4 Diseases That Could Kill Your Dog (You Probably Never Heard Of)



There are many health threats and illnesses that can threaten your dogโ€™s well being, many of which you have probably never heard. To help educate dog parents everywhere, here are four largely unknown, potentially fatal diseases that can affect any dog, and the signs to look out for.

Canine Distemper

Canine distemper is a highly contagious, potentially life threatening condition that, as it happens, is 100% preventable. While treatment is not always effective, with proper vaccination beforehand, your dog will never have to worry about the threat of distemper.

Dogs often come home from the kennel with a case of distemper due to the close quarters and the rapidity with which this disease spreads. If your dog has recently been in contact with a number of other dogs, and has not been vaccinated for distemper, check them for symptoms.

Symptoms for the condition include:

If you suspect that your dog has contracted distemper, contact your vet immediately, as this condition moves quickly.


Parvovirus is a deadly and highly contagious disease that wreaks havoc on your dogโ€™s intestines and immune system. Due to the way it runs your dogโ€™s guts through the wringer, parvo frequently causes vomiting and diarrhea, and stands to make your dog incredibly uncomfortable. Treatment for parvo is arduous, often requiring multiple nights at the vet. However, if it is caught early, your dog has a great chance of making a recovery. Moreover, parvo can be almost 100% prevented with early vaccination. To tell if your dog has parvo, just look for these symptoms:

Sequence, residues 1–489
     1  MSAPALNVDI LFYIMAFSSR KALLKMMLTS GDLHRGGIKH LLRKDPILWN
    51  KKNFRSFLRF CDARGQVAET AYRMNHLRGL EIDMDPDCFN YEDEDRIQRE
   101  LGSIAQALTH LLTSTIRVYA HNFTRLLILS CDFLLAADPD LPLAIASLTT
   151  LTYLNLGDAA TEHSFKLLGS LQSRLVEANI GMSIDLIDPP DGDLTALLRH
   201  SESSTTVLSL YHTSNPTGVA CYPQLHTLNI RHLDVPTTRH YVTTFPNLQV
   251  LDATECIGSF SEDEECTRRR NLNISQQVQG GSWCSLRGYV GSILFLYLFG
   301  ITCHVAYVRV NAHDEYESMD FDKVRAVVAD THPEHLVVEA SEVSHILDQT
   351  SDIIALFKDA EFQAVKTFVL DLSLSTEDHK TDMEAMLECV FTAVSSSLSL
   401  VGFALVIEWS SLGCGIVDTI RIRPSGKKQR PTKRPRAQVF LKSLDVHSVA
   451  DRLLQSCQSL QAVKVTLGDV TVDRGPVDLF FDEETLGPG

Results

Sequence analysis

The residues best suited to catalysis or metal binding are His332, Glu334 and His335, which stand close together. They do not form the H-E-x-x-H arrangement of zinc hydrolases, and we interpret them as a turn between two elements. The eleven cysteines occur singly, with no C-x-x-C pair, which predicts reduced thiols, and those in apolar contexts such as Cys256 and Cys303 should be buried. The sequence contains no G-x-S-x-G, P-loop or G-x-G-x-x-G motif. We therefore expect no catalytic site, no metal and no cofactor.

• Vomiting

  • Diarrhea

  • Especially odorous feces

  • Dehydration

  • Blood in stool

  • Lethargy

If your dog is exhibiting any of these symptoms, contact your vet right away, as early detection is the best way to beat this condition.


A condition caused by a dearth in thyroid hormone production, hypothyroidism can cause a lack of energy and a general inability to recuperate from other ailments or injuries. Often masking itself as just generic symptoms of aging, if left untreated, hypothyroidism can greatly affect your dogโ€™s life. Here are some symptoms to keep an eye out for.

If you notice your dog suffering from any of the aforementioned symptoms, it may be time to take them to the vet, as this condition can frequently go untreated for years, causing more damage than it might otherwise.


Also known as Cushingโ€™s disease, this condition is caused by the overproduction of cortisol, a hormone that affects much of your dogโ€™s organ function. Because of the many forms this condition can take, diagnosing this condition can be especially tricky. A few symptoms to be on the look out for include:

  • Increased thirst and urination

  • Increased appetite and weight gain

  • Panting

  • Hair loss

  • Bruises

  • Shift in behavior

If you think your dog might be suffering from hyperadrenocorticism, talk to your vet and find out for sure before the overproduction of cortisol ends up damaging your dogโ€™s organs irreparably.

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